CARET – Commercial Applications Research for Extraterrestrial Techn

From: Andrew Johnson

Date: 2007-07-01 23:03:06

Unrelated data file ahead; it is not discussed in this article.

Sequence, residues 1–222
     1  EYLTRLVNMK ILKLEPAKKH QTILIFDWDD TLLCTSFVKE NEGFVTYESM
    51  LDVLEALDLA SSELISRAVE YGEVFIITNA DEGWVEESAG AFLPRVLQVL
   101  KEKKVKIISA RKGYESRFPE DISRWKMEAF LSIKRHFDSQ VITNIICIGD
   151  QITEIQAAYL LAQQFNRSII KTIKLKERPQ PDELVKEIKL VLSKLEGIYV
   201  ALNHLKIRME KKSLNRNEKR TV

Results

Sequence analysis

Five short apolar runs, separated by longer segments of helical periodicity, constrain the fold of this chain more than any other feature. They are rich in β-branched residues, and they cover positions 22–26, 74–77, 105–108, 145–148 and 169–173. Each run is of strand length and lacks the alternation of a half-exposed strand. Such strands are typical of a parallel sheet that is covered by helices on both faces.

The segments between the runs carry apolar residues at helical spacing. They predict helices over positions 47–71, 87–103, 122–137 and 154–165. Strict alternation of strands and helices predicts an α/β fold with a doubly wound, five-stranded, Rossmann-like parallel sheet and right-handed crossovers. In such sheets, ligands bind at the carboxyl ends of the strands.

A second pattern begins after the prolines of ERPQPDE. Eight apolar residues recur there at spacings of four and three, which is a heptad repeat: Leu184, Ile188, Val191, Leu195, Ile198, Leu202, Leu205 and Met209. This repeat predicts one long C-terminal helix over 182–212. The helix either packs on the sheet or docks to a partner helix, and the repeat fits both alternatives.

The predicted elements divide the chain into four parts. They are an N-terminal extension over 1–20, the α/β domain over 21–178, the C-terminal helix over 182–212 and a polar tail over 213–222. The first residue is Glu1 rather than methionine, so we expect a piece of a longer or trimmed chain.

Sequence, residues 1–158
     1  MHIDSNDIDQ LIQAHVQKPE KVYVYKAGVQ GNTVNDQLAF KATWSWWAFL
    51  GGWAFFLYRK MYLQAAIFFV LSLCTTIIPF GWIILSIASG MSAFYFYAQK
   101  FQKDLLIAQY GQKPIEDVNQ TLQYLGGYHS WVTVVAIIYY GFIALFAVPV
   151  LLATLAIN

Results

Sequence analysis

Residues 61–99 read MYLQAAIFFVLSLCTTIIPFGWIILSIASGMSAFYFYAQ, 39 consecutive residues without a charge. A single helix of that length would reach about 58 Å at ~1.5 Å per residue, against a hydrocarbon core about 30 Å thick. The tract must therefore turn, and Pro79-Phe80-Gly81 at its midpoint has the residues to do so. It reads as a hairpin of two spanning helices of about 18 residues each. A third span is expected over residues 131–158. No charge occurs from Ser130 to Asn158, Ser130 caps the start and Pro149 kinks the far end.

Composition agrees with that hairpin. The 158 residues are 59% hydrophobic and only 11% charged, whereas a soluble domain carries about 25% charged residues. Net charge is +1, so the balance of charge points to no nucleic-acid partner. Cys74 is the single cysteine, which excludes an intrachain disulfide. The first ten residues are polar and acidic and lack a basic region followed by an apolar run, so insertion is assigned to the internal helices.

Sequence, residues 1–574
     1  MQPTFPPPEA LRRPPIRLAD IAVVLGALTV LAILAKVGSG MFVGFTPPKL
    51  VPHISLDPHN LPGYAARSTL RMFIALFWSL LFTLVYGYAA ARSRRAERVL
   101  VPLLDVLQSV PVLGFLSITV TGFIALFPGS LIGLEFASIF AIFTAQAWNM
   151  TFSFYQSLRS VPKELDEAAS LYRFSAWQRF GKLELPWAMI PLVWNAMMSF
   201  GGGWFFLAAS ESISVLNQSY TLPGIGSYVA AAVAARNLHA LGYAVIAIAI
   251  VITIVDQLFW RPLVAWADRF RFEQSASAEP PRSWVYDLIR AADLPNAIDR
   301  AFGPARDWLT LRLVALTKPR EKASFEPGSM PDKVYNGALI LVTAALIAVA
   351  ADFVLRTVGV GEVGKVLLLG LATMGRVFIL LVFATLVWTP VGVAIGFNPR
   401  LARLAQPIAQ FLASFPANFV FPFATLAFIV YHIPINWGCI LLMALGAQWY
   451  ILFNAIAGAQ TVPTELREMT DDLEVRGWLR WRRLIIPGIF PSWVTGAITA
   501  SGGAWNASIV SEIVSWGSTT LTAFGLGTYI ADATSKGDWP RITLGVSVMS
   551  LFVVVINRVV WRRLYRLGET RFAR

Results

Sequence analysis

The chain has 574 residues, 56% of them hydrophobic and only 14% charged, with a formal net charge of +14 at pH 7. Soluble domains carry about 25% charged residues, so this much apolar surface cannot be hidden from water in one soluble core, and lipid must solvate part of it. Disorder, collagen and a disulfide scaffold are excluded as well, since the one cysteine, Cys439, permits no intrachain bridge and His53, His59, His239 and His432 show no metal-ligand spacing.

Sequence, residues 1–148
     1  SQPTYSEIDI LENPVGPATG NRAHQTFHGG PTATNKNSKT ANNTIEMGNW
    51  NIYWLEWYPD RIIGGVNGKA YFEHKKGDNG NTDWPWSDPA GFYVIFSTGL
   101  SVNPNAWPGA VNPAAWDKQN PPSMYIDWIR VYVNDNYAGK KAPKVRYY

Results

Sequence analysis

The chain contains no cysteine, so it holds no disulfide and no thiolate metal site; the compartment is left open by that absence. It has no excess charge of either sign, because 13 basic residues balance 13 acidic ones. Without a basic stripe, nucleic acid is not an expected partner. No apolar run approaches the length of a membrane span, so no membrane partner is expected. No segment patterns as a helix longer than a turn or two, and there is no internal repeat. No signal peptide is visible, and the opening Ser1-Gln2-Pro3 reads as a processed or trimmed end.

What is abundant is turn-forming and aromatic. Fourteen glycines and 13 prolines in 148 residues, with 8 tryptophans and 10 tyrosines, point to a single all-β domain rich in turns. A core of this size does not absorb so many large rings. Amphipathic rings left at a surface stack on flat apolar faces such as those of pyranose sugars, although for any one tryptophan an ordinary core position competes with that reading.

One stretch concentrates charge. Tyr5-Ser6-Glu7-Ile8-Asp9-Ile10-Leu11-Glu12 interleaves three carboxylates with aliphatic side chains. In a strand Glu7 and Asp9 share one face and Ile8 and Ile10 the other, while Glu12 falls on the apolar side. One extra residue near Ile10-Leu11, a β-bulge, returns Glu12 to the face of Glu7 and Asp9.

The original sightings which prompted the release of this information looked like a hoax to me when they first appeared a couple of months ago. Having read the letter and accompanying documentation, it all fits with the other stuff I have read. Also, as someone who has worked in Computing and Software Development for over 20 years, I find the way he described concepts in his letter to be “right on the mark” and also the accompanying documentation seems self-consistent and written in manner appropriate to what it is describing   Below, I have extracted the readable text from the PACL CARET Documents for you to evaluate for yourselves. I think it’s time for people to really consider what we should be thinking about and what we should be allowed access to.   Please forward this information – you never know, it could help to change our future.   All this has come from:   isaaccaret.fortuneci…   Sightings discussed in this audio (witness interviewed):   www.checktheevidence…   I have compiled “Isaac”‘s letter and the documents scans into a single PDF file here (6 Megs):   www.checktheevidence… Q4-86 RESEARCH REPORT DECEMBER 1986PALO ALTO, CA AND PACL ST/ PALO ALTO CARET LABORATORY PALO ALTO CARET LABORATORY Q4-86 RESEARCH REPORT 1. OVERVIEW This document is intended as a primer on the tentative findings of the Q4 1986 researchphase (referred to herein as “Q4-86”) at the Palo Alto CARET Laboratory (PACL). Inaccordance with the CARET program mission statement, the goal of this research hasbeen achieving a greater understanding of extraterrestrial technology within the contextof commercial applications and civilian use. Examples of such applications, in noparticular order, include transportation, medicine, construction, energy, computing andcommunication. The ultimate goal of this research is to provide a core set of advancedtechnologies in a condition suitable for patent review. 2. EXTRACTION The process of converting raw artifacts of extraterrestrial origin to usable, fully-documented human technology is termed extraction. The extraction process ultimatelyconsists of two phases: first is the establishment of a complete theoretical and operationalunderstanding of the artifact, and second is a distillation of the artifact’s underlyingprinciples into a usable, product-oriented technology. Suggestions of specific productapplications on behalf of PACL have been encouraged, but are not considered mandatoryor essential. The results of a successful extraction are collected in what is termed an extraction package(EP), which should include the following: * 1.     Complete theoretical and operational overview 2.     Assessment and summary of compositional materials 3.    At least three (3) working prototypes, demonstrating multiple instances ofsuccessful, repeatable and reliable implementation 4.    Assembly notes and BOM * At the time of this writing, a fully successful extraction has not yet been achieved,although numerous threads of research are showing promise. Comprehensive documentation of PACL’s extraction process can be found in document PACL-D0006, entitled “PACL Extraction Procedure Guide”. 3. EXECUTIVE SUMMARY OF 04-86 Q4-86 focused on four key subjects, all of which were based on artifacts of extraterrestrialorigin obtained from crash site recovery operations conducted during the last two decadeswithin the continental United States. These subjects are: * 1.    “Personal” antigravity generator (so-named for its small, portable size) 2.    Three-dimensional image recorder/projector 2 PALO ALTO CARET LABORATORY Q4-86 RESEARCH REPORT 3. A complex system of symbols and geometric constructs capable of both definingthe functionality of certain artifacts as well as manipulating their behavior,crudely analogous to a computer programming language but without the need 4. for a compilation or interpretation phase. 4. RESEARCH SUBJECT: “PERSONAL” ANTIGRAVITY Antigravity technologies are among the most ubiquitous recovered from extraterrestrialcrafts. While antigravity is most commonly associated with propulsion, the principlesunderlying the technology extend into a far broader domain; indeed, virtually all aspectsof most extraterrestrial craft seem to incorporate its use in some way. A prominent exampleis the seemingly impenetrable field, of controllable diameter and attenuation, surroundingthe craft that protects it from weather conditions and the surrounding environment,as well as debris, and, unsurprisingly, ballistic weaponry. Additional examples includedampening of G-force on passengers and on-board equipment, movement of doors andhatches (or their closest equivalents), and even placement of fixtures (such as- controlconsoles, or their closest equivalents) within a given space. Perhaps most startling is thefact that the very components within a given extraterrestrial craft appear to be held inplace, in relation to one another, exclusively by antigravitational means. This is a partialexplanation for the commonly noted lack of rivets and adhesives in the construction ofthese crafts. PACL aims to translate this technology into a product-oriented EP capable of directapplication within the consumer market. However, since the sudden emergence of suchradically advanced technology would undoubtedly yield destructive consequences, PACLrecommends a strategy of incremental dissemination in which deliberately downgradedversions of the original technology are released over a period of years or decades tosoften the impact of integration with existing infrastructures, in technological, economicand social terms. 4.1. WHAT IS PERSONAL ANTIGRAVITY? Not all recovered extraterrestrial technologies are equal, and many previous experimentson antigravity have been performed on cumbersome artifacts suffering from enormousform factors and impractical weights. An ironic consequence of these previous generationsof experimentation is that many man-made aircraft that would be otherwise ideal forantigravity propulsion models are incapable of supporting the weight of the device beforeits gravity-canceling effects are activated. This has lead to many clumsy and accident-prone solutions, such as using a second antigravity generator to load and position thefirst within the aircraft before activation and takeoff, and then repeating the process inreverse after landing but before deactivation. Despite some minor successes in narrowly-defined domains, these approaches are obviously not acceptable in the long term. 3 PALO ALTO CARET LABORATORY Q4-86 RESEARCH REPORT Recently, however, a rather different implementation of antigravity technology hasappeared, undoubtedly the product of a different, and presumably more advanced source. it can produce gravity-canceling effects of magnitudes comparable to existing artifacts in apackage less than two feet across and weighing less than five pounds. PACL has termed this technology “personal antigravity”, as its virtually negligibleweight and dimensions suggest applications as focused as antigravity generation fora single human user. Early experiments suggest, however, that despite its remarkableprecision and focus, this technology is equally effective when broadened to deal withmassive payloads of arbitrary scales. 4.2. OVERVIEW OF RECOVERED ANTIGRAVITY ARTIFACTS 4.2.1. KEY ARTIFACTS PACL has conducted the brunt of its antigravity research on three key artifacts. The firstis what PACL considers to be an “antigravity generator” (seen in figure 4.1), a devicethat appears to provide a “source” of antigravity that can then be projected onto orharnessed by other components within the craft. The second two artifacts are curved I-beam segments (seen in figure 4.2) that, when placed anywhere within a certain radiusof the generator during a specific mode of its operation, immediately fly into what ispresumed to be their relative positions within the original construction of the craft. The generator artifact is assigned the identification code A1. The I-beam artifacts areassigned identification codes A2 and A3. 4.2.2. SECONDARY ARTIFACTS etween Additionally, PACL has been provided with a s n i ;a II,. 1^:i % x ‘ ‘c ( ‘capable of controlling A1 by activating and deactivating it, as well as switcningits three primary modes of operation. This device, assigned the identification code SI,is of particularly sensitive importance, as it is the only known method of controlling 4.2.3. RIGID SPATIAL RELATIONSHIPS Unlike the more general-purpose antigravity fields generated by implementations of thistechnology obtained from other sources, A1 is capable of multiple modes of operationand varying levels of precision. Perhaps the most compelling aspect of A1’s functionalityis its ability to focus its antigravitational effects on specific objects, rather than entirespatial volumes, creating what PACL has termed a rigid spatial relationship (RSR). An RSR can be thought of as creating an “implicit solid” between two or more constituentparts separated by empty space. Once in effect, these constituent parts behave as if they 4 PALO ALTO CARET LABORATORY Q4-86 RESEARCH REPORT Figure 4A The artifacts used by PACL during the antigravity research phase of Q4-86. are directly and physically linked, and are completely inseparable by pulling or pushingthem in opposing directions. Only when the effect of A1 is deactivated will they onceagain behave as separate objects. As an example, imagine cutting a broomstick into two segments, each one foot in length.Once separated, each segment is its own object, capable of being moved or rotatedindependently of the other. Under the effect of an RSR, however, the segments mightbehave as if they were a three-foot rod consisting of both foot-long broomstick segmentsseparated by an additional foot of empty space. While the two rod segments would stillappear to be separate, to the point that an observer would be able to pass their handthrough the space that separates them, they would be unable to move one of the rodswithout the other behaving as if it were directly attached. 4.2.4. OVERVIEW OF A1 A1 consists of a two-segment cylindrical core, 1 foot, 2.2 inches in length and 8.3 inchesin diameter, with needle-like appendages extending from each end. The total lengthof the device, with needles included, is 2 feet, 2,4 inches. Both core segments featurea triangular array of three “arms”, extending 7.6 inches from the center of the core, PALO ALTO CARET LABORATORY Q4-86 RESEARCH REPORT Figure 4.2 Close-up shot of the I-beam segments. each of which end in a circular “pad” with a diameter of 2 inches. The device weighsapproximately 4 pounds, 3 ounces. Research on the internal functionality of A1 began late in Q4-86, and as such, littleis currently known. What is certain, however, is that the device contains no movingparts whatsoever, does not feature any kind of control interface in the form of buttons,switches, or levers, and, apparently, can only be manipulated by the technology containedin SI. According to the limited data to which PACL has been given access in regardsto the placement and housing of A1 within the original craft, A1 was one of a pair ofidentical generators, together responsible for all antigravity-related functionality, frompropulsion of the craft itself to placement of all components within the craft’s internaldesign. From this information, as well as experiments conducted with SI, it has beendiscovered that A1 operates in one of at least three modes of operation: 1. Field mode. A1 generates a field of (presumably) arbitrary size and any shapethat can be expressed as a convex volume. Within this field, gravity is effectivelyredefined with any desired strength and orientation. The parameters of this mode¿including the shape of the field itself, are defined by ___SI. Surprisingly, A1 does not appear capable ot generating a rieia witn any degree of concavity, nor can the strength or orientation of theartificial gravity within the field vary from one point to another. An example of 6 PALO ALTO CARET LABORATORY Q4-86 RESEARCH REPORT field mode would be creating a controlled gravity environment within an aircraftor spacecraft for passengers and cargo. 2.    Component mode. Rather than generating a general-purpose field of constant gravitycontrol, A1 will manipulate the gravitational effect on specific objects, allowingthem to take any position or orientation relative to its own centroid. Componentmode appears to be used commonly for maintaining the physical constructionof a craft’s design. Rather than attaching a craft’s components to one another byway of rivets, adhesives, welding or the like,, they are simply held in place, quiteprecisely, by antigravitational means. Unlike field mode, PACL has not yet beensuccessful in controlling the parameters or data that drive this mode. SI doesnot appear capable of controlling this mode beyond activating or deactivating it.Once in effect, the details of which components are affected, and how, seem tobe provided by the components themselves. See the following section for moreinformation. Component mode is responsible for the RSR effect described in theprevious section and depicted in figure 4.4. 3.    Multi mode. A1 combines the functionality of the field and component modes,producing specific antigravity effects on individual components while alsogenerating any number of general-purpose gravity control fields. The samelimitations that apply to the field generated in field mode apply to fieldsgenerated in this mode as well, but the ability to create multiple fields of differingparameters allows those limitations to be effectively circumvented in mostsituations. It is believed that this mode was used most commonly for managingthe antigravitational needs of the original craft. 4.2.5. OVERVIEW OF A2 AND A3 On their own, A2 and A3 appear to be completely non-functional segments of a curvedI-beam (seen in in figure 4.3). However, when A1 is switched into component mode, theirposition and orientation in relation to A1’s centroid are precisely enforced with an RSR(seen in figure 4.4). * A2 and A3 are primarily differentiated by their lengths, which are 7.2 inches and 9.1 inches,respectively. Despite the difference in their lengths, both artifacts weigh approximately2.6 ounces. While initial experimentation indicated that the artifacts were composed of a consistent, solid material, experiments on A1’s component mode suggest that the artifacts are more internally complex, somehow containing information that describes their position and orientation in relation to A1 when the mode is in effect. Whether or not they possess additional functionality beyond the storage of this information is currently unknown, but is considered likely due to their otherwise ambiguous purpose within the craft’sdesign. 7 PALO ALTO CARET LABORATORY Q4-86 RESEARCH REPORT Figure 4.3 Top-view shot of the I-beam segments. ‘ PALO ALTO CARET LABORATORY Q4-86 RESEARCH REPORT Figure 4.4 I-beam segments ¡inked to the antigravity’generator in an RSR. 9 PALO ALTO CARET LABORATORY LINGUISTIC ANALYSIS PRIMER Figure 14.11 Full view’ of diagram D39-08-117c. 119 PALO ALTO CARET LABORATORY LINGUISTIC ANALYSIS PRIMER 130* Figure 14.12 Isolated view of a three-node AB-type semaphore cascade, extending from an exterior vertex of an octal junction. 120 PALO ALTO CARET LABORATORY LINGUISTIC ANALYSIS PRIMER Figure 14.13 Rotary junction with orbital sub-junction connecting to an octal switch. 121 PALO ALTO CARET LABORATORY LINGUISTIC ANALYSIS PRIMER Figure 14.14 Compound junction in a dual-link union with heavy-state tri-switch and diffuser. 122 PALO ALTO CARET LABORATORY LINGUISTIC ANALYSIS PRIMER Figure 14.15 Parent junction with three non-orbital child junctions. 123 PALO ALTO CARET LABORATORY 03-85 INVENTORY REVIEW